If your dog tests positive for Lyme disease but is clinically healthy, it is important to monitor proteins in the urine regardless of whether you and your veterinarian elect to treat your dog for Lyme disease. Protein leaking through the glomeruli and into the urine is one of the early indicators of impending kidney disease and will be detectable before clinical signs appear. (Glomeruli are part of the filtering apparatus of the kidneys.)

Prevention of Lyme Disease

The most effective way to prevent Lyme disease is to prevent your dog from getting ticks. Here are some of the ways that you can do that.
  • Avoid taking your dog into tick infected areas.
  • Check your dog regularly for ticks and remove them promptly when you find them.
  • Consider using a monthly topical medication to prevent ticks.
There are vaccinations available against Lyme disease and your veterinarian may recommend that your dog be vaccinated if he is at risk. However, vaccination against Lyme disease remains controversial and not all veterinarians recommend its use. Vaccination against Lyme disease does not preclude the need to prevent ticks because there are many other tick-borne diseases that are even more dangerous for your dog than Lyme disease and the vaccine does not prevent those diseases.


  1. Something I have found effective at deterring ticks is 'Tick Tubes' ( They are biodegradable tubes filled with permethrin-treated cotton which you place around your property every few yards. The contents attract mice, (which are one of the main hosts of the ticks), who use the cotton as bedding thereby ridding themselves of ticks. I use them as well as topical applications on my dog, and feel I have done pretty much all I can to protect her.

  2. Interesting, I will look into that.

  3. Around here, our vet all but strongarms us into getting a vaccine against Lyme disease. What is better, do you think? Topical, vaccine, prevention/detection/treatment?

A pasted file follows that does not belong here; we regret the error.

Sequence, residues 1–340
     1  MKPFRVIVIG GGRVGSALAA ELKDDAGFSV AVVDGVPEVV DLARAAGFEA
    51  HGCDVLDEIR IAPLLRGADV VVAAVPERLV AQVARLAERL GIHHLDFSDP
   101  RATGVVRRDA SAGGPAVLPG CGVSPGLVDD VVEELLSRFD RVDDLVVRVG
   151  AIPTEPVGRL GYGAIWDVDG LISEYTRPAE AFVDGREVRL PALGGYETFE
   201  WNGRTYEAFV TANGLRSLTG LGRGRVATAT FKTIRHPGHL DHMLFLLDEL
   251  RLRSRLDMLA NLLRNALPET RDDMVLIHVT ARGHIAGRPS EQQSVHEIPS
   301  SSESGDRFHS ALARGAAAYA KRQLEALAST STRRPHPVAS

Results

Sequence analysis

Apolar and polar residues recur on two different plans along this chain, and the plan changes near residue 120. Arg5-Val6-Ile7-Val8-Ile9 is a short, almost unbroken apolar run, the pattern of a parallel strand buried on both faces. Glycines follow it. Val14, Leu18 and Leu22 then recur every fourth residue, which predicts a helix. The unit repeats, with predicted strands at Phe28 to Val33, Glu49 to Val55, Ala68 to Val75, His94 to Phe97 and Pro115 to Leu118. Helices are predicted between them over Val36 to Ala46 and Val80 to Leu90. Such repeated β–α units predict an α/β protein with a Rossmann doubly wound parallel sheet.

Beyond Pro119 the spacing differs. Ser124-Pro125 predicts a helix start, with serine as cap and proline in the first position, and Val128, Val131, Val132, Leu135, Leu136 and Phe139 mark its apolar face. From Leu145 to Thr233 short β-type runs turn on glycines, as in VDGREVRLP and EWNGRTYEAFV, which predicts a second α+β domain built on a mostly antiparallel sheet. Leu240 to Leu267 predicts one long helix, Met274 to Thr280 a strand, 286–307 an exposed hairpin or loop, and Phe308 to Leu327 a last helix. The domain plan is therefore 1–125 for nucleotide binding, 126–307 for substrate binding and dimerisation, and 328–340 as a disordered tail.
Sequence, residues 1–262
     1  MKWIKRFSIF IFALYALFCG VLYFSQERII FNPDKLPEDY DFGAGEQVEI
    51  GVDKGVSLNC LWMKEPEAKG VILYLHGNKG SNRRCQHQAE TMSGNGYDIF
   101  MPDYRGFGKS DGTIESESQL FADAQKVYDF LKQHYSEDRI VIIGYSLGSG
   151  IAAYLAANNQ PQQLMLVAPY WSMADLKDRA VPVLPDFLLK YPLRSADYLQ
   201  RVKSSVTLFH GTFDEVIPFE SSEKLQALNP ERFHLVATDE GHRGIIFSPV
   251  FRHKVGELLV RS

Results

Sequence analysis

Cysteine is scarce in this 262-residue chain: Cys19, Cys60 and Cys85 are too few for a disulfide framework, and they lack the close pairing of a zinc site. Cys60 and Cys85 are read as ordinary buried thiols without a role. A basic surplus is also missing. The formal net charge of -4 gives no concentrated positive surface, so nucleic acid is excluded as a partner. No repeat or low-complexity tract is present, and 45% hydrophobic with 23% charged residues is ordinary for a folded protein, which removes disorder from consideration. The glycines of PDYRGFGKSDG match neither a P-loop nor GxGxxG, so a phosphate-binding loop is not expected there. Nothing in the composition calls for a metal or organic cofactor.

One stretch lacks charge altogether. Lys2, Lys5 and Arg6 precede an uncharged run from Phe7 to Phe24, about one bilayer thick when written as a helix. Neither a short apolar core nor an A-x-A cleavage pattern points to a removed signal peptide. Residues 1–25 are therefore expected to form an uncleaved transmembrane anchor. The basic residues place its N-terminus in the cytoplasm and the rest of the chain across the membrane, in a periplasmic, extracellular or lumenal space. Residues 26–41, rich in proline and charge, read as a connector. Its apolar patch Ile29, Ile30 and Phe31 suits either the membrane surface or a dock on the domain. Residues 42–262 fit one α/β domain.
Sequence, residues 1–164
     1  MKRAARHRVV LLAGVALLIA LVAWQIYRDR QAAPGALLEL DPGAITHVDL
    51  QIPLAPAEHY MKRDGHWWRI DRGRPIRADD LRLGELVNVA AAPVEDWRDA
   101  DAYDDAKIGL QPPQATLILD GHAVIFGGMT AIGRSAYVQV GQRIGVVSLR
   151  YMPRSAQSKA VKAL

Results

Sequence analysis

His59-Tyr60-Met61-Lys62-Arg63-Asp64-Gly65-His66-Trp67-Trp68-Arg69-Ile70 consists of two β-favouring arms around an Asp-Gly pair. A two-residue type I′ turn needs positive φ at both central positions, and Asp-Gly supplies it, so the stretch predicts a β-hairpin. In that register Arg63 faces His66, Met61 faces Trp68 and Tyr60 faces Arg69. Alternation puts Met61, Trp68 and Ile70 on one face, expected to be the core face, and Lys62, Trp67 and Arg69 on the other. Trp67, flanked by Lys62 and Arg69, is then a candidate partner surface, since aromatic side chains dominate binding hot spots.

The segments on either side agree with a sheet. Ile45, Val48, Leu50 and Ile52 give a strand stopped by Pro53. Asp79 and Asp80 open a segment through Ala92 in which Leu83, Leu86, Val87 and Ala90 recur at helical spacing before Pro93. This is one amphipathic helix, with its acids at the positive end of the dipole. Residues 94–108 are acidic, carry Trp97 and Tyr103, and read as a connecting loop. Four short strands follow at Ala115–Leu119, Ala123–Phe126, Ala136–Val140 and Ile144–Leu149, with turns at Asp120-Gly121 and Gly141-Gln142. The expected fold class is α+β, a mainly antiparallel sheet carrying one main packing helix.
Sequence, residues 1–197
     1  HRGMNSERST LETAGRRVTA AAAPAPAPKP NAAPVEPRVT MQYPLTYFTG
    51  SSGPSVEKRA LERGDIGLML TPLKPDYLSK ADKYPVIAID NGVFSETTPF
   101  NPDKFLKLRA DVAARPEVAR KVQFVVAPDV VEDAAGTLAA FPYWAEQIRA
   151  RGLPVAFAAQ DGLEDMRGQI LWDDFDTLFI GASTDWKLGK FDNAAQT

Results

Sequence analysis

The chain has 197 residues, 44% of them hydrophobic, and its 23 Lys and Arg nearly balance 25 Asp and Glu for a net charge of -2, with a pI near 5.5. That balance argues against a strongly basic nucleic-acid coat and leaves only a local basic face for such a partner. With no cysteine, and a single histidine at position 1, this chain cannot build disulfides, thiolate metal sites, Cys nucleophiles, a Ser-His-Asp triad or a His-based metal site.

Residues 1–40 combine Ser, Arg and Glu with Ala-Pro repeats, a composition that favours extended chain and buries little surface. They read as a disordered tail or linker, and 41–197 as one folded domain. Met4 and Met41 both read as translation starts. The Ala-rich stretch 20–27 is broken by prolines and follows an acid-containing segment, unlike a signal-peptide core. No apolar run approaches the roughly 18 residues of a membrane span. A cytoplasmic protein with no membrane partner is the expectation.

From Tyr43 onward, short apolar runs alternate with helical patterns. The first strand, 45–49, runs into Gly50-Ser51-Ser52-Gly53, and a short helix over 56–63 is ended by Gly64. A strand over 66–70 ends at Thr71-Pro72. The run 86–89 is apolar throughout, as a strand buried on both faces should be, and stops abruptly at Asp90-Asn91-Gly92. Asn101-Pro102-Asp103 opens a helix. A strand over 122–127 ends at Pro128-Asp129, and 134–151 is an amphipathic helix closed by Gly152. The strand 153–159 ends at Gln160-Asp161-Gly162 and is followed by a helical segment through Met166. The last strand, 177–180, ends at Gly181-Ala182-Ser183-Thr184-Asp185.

I think we're going with the vaccine. It gets bad here in the summer sometimes. Too high risk - and topical has been known to have little effect. Have you ever heard of that? I hear of a lot of people who use it and their dogs get ticks anyway. Are they doing something wrong? Or is something else going on?

  4. Hi JJ. It is my understanding that the vaccine isn't "fool-proof" but does help. I think the decision depends on the amount of exposure and amount of infestation in your area.

    Also I understand that if removed within 2 hours from attachment the tick no disease transmission occurs.

    We don't have many ticks here and up north Lyme has not been reported, so we are just keeping this at the back of our minds.

    How many ticks do you guys have where you are?

  5. As a vet in an area where we Lyme disease is a huge problem (NE PA, Poconos Mtns), I have vaccinated thousands of dogs for lyme disease.

    The vaccine certainly has it's flaws, and necessity really must be evaluated dog by dog. I have seen more reactions to this vaccine than any other unfortunately (no deaths). Still, I have never had a patient that was vaccinated test positive. I know it happens, but I haven't seen it.

    For that main reason, I usually do recommend it, but not always. I do like administer complimentary diphenhydramine injections to decrease the chance of a reaction. That has worked well for me.

    It can be such a frustrating disease to treat. Can't wait until we learn more! Thanks for a wonderfully thorough article Dr. Hutson!

  6. Dear Dr. Laci

    Is it not true that infection happens only if the tick remains attached for longer or two hours or so? If removed properly in timely manner it should substantially decrease the risk?

    Read that so wondering.